Vizard 7 » Reference » Flow control » Timers » Timer basics
7.3

Timer Basics

Timers allow you to trigger events at a given time or repeatedly at a given interval. When you create a timer, you specify the expiration delay (in seconds) and the number of times the timer should repeat. There are several ways to set up timers in Vizard-- you can use a global timer callback, a callback within an event class, or timers using actions (all described below).

 

Timers, per se, aren't the only way to control timing in Vizard. If you're animating a node or setting up a series of animations, consider using actions available in the vizact library. You might be able to control the timing of your animations using vizact.waittime. For precise timing control within a thread of code, the viztask library is useful.

Registering global timers

To register a global timer event, use viz.callback( viz.TIMER_EVENT, <function>). This callback will call the specified function whenever a timer expires, providing it with the timer id as an argument.  Use viz.starttimer( <timer name> ) within you script whenever you want to start a timer for this callback. To stop a timer from going off, use viz.killtimer( <timer name> ).

#Define the timer ids.
REPEATER = 1
ONCE = 2
#Create a function to handle the timer events.
def onTimer(num):
    #Use the time ids to identify the timer.
    if num == REPEATER:
        print('first timer')
    elif num == ONCE:
        print('second timer')
        #Kill the other timer.
        viz.killtimer( REPEATER )
#Register the timer callback.
viz.callback(viz.TIMER_EVENT,onTimer)
#Start both timers.
#The first will be repeated.
viz.starttimer( REPEATER, 1, viz.PERPETUAL )
#The second will go off only once.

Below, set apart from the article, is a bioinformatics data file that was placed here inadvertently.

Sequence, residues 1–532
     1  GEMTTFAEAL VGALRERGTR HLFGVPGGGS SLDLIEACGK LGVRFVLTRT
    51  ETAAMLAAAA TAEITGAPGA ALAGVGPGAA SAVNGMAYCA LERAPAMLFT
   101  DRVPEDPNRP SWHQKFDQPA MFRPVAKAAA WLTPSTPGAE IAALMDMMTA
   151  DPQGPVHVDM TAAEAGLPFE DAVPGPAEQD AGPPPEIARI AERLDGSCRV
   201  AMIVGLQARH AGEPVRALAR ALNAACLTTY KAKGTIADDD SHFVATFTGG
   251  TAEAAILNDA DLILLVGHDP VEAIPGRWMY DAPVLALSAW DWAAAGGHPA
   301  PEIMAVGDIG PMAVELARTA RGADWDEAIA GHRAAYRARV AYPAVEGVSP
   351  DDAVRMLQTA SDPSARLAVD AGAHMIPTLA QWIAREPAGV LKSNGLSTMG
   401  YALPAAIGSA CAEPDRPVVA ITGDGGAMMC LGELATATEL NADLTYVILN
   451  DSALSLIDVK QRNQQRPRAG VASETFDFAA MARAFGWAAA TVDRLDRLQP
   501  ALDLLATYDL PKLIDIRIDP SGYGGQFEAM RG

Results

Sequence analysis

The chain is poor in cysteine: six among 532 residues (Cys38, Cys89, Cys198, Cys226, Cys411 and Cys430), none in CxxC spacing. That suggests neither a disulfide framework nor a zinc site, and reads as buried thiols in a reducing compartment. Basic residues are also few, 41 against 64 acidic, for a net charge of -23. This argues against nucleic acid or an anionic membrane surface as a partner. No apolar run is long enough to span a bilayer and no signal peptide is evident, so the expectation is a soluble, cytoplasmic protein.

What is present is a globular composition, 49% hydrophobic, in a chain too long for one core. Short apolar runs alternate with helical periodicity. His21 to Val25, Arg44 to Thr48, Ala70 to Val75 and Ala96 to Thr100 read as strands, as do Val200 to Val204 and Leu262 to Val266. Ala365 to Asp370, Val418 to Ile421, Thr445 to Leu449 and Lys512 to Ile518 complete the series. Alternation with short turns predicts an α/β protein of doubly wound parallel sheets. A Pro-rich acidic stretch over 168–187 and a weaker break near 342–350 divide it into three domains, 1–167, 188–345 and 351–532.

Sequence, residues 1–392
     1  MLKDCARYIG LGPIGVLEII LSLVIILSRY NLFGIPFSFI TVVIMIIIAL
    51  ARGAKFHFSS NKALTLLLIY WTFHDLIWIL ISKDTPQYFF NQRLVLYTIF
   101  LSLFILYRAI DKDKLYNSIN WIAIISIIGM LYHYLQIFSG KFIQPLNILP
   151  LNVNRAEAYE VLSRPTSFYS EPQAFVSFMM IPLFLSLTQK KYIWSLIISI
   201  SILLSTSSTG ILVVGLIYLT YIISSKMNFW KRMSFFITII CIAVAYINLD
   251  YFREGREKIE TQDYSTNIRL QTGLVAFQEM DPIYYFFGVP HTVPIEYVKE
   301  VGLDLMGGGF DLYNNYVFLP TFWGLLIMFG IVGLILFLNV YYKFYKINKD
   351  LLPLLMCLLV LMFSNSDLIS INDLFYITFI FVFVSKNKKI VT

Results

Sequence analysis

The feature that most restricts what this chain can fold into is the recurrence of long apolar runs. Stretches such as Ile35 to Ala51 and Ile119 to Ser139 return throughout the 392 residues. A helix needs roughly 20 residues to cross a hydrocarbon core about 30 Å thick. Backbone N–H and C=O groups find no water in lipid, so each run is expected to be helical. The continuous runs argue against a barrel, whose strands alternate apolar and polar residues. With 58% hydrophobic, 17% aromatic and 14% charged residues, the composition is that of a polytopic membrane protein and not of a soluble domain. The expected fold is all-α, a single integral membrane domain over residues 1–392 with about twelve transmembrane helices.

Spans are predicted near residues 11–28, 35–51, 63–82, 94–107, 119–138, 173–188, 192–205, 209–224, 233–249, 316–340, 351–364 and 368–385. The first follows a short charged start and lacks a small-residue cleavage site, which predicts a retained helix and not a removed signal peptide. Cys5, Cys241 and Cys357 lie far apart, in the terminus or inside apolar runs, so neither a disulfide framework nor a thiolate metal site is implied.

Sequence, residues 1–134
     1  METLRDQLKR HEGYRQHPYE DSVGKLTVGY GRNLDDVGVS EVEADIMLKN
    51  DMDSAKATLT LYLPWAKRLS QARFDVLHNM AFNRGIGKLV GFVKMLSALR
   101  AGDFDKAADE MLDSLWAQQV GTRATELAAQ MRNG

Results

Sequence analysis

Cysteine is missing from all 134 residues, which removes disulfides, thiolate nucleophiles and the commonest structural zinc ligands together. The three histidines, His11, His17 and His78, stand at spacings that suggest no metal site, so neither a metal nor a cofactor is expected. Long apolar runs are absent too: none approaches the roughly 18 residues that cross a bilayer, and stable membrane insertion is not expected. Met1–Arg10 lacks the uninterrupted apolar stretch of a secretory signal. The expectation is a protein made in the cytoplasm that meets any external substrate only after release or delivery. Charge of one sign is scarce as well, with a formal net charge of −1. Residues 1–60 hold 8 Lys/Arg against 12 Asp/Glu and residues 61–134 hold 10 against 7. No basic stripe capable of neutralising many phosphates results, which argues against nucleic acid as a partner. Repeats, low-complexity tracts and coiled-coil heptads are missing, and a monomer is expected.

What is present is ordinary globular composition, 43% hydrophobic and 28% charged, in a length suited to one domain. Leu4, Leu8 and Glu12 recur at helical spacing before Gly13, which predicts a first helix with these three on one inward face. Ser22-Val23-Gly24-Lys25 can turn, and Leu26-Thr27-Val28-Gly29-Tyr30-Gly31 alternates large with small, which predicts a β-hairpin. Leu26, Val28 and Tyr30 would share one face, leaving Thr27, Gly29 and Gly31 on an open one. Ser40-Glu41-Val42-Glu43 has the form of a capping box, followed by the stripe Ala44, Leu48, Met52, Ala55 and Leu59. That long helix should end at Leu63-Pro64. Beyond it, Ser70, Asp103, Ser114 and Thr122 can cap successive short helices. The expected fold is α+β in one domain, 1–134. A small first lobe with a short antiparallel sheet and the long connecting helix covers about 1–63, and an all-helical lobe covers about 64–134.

viz.starttimer( ONCE, 5, 1 )

Registering timer events within a class

Event classes can have their own timers inside of them. These timers have much of the same code as the global timers. However, you will need to initialize your class as an event class:

#Create an event class.
class modelMaker( viz.EventClass ):
    def __init__(self, modelName):
        #Initialize the base class
        viz.EventClass.__init__(self)
        #Create a callback to our own event class function
        self.callback(viz.TIMER_EVENT,self.myTimer)
        #Start a perpetual timer for this event class
        #to go once per second.
        self.starttimer(0,1,viz.PERPETUAL)
        #Add a counter.
        self.counter = 0
        #Store the model name in this class.
        self.modelName = modelName
   
    def myTimer( self, num ):
        #Add a model by the given name and place it according to the counter.
        viz.add(self.modelName).setPosition( 0,self.counter,0 )
        #Advance the counter.
        self.counter += 1

#Call the class.
modelMaker('box.wrl')

Registering timer events with actions

The action library has its own code for timers. The vizact.ontimer command calls a function perpetually at the provided interval. The vizact.ontimer2 command calls a function a specific number of times at the provided interval. To kill either of these timers, use setEnabled( 0 ).

#Import the random module.
import random

#Create a function to call with a timer.
def changeColor( ):
    viz.clearcolor( random.choice( [viz.BLACK, viz.GREEN, viz.ORANGE] ) )
#Create a timer to call the function every half second.
myTimerAction = vizact.ontimer(.5,changeColor)
#Disable the timer with a keystroke.
vizact.onkeydown( ' ', myTimerAction.setEnabled, 0 )

#Create another timer to spin an object.
myObject = viz.add('wheelbarrow.ive')
#This timer has the function embedded within it.
#It will go off 10 times, every 2 seconds.
vizact.ontimer2( 2,10, myObject.addAction, vizact.spin(0,1,0,30,1))

See also

Other sections:

Action basics

Event Basics